Once attorney review is completed, you are officially under contract to buy your NJ home. This is when you complete the mortgage processing, including appraisal, scheduling and conducting all your inspections. A note about inspections: you must use a licensed NJ inspector and you have a very short time to schedule, perform inspections and receive your reports, so it would behoove you to schedule inspections very early, usually while still in attorney review. Generally one inspector will inspect the home structural, electrical, plumbing, HVAC and other defects, also arranging for radon testing, inspecting for termites and other pests, and other environmental concerns. Other inspections may be warranted, such as lead paint hazard testing or searching for oil tanks. Since each property is unique, ask me and your attorney and inspector for guidance. Ask me for a short list of inspectors – I attend many inspections and I have the opportunity to see first-hand how each works. I also rely on clients’ feedback in making further recommendations.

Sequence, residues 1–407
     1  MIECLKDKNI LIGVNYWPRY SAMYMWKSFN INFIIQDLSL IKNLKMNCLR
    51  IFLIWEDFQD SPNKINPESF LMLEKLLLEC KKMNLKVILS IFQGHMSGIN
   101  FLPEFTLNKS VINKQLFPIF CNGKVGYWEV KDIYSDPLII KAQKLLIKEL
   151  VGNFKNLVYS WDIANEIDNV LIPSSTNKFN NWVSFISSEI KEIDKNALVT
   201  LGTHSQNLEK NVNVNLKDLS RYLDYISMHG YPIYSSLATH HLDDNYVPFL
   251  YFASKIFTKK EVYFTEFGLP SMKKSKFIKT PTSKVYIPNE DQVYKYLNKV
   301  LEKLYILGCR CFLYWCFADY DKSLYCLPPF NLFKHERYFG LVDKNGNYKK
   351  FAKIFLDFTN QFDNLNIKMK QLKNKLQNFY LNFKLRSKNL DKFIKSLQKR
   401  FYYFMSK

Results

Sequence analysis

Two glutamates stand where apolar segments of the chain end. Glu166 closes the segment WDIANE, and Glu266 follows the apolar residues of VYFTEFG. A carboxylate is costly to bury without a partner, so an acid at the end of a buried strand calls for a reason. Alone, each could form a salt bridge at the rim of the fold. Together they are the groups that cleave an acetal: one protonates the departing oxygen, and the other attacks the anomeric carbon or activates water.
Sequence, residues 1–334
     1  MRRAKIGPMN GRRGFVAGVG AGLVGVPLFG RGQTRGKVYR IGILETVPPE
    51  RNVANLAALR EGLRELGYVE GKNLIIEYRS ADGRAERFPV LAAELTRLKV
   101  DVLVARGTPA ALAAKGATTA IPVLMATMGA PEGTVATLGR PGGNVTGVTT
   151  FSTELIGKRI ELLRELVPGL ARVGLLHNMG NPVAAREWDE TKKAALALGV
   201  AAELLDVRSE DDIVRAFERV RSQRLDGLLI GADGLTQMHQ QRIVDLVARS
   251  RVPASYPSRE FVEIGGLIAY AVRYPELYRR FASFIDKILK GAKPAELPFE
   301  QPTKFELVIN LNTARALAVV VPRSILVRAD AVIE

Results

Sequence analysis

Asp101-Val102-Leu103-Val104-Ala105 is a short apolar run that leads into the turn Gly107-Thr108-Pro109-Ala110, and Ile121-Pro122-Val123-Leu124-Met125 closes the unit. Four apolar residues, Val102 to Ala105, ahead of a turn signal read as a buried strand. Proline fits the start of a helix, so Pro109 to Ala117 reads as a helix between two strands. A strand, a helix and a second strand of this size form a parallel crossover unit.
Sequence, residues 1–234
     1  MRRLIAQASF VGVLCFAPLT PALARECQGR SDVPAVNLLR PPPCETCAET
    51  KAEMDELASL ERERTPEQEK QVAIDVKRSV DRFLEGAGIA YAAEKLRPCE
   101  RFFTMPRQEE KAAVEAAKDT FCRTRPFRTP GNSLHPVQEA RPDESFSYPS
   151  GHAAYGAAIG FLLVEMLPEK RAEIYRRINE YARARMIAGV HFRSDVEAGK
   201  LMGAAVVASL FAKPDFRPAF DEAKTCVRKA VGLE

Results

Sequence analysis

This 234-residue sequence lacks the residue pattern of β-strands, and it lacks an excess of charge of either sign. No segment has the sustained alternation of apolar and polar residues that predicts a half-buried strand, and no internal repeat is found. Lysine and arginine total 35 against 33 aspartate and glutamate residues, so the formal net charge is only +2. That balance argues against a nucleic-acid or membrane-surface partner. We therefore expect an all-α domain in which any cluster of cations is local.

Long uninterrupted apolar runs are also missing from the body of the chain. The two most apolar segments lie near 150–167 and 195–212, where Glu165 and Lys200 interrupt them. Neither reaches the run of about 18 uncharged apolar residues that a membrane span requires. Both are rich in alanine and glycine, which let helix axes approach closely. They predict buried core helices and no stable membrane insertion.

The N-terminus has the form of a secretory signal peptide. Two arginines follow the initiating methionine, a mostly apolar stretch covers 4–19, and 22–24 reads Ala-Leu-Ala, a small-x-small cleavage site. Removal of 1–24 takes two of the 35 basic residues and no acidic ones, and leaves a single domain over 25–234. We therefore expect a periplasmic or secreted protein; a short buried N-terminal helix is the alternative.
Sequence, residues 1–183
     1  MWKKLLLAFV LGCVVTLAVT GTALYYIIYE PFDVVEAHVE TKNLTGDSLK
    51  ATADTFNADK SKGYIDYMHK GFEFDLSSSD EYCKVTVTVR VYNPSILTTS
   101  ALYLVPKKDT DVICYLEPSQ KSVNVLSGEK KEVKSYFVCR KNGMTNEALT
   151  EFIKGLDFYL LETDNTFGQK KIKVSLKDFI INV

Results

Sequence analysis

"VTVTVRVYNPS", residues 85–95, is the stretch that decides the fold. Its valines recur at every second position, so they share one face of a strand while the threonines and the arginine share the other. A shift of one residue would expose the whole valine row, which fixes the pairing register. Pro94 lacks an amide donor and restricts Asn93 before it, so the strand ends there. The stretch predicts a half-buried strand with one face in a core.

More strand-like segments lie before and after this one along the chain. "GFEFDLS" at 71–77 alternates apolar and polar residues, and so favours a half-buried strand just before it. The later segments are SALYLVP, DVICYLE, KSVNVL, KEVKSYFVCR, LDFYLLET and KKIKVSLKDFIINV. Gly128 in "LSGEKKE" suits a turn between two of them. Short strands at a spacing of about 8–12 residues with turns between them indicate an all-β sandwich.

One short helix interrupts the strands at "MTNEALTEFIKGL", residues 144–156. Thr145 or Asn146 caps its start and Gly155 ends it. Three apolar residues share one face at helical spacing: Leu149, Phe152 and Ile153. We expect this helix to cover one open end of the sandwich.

Step 10: Negotiate for defects
No NJ house is perfect. While on the inspection, the inspector may tell you the good parts as well as the bad but you should expect the report to lengthy and full of to-do’s. Many are simply suggestions for continued maintenance, appropriate upgrades. Minor issues are to be expected. However, you should generally expect to have a leak-free roof, major systems in working order, and a structurally sound home. If there are major issues such as those mentioned, your attorney and I will work with you and the seller to negotiate repairs or credits.
Step 11: The other details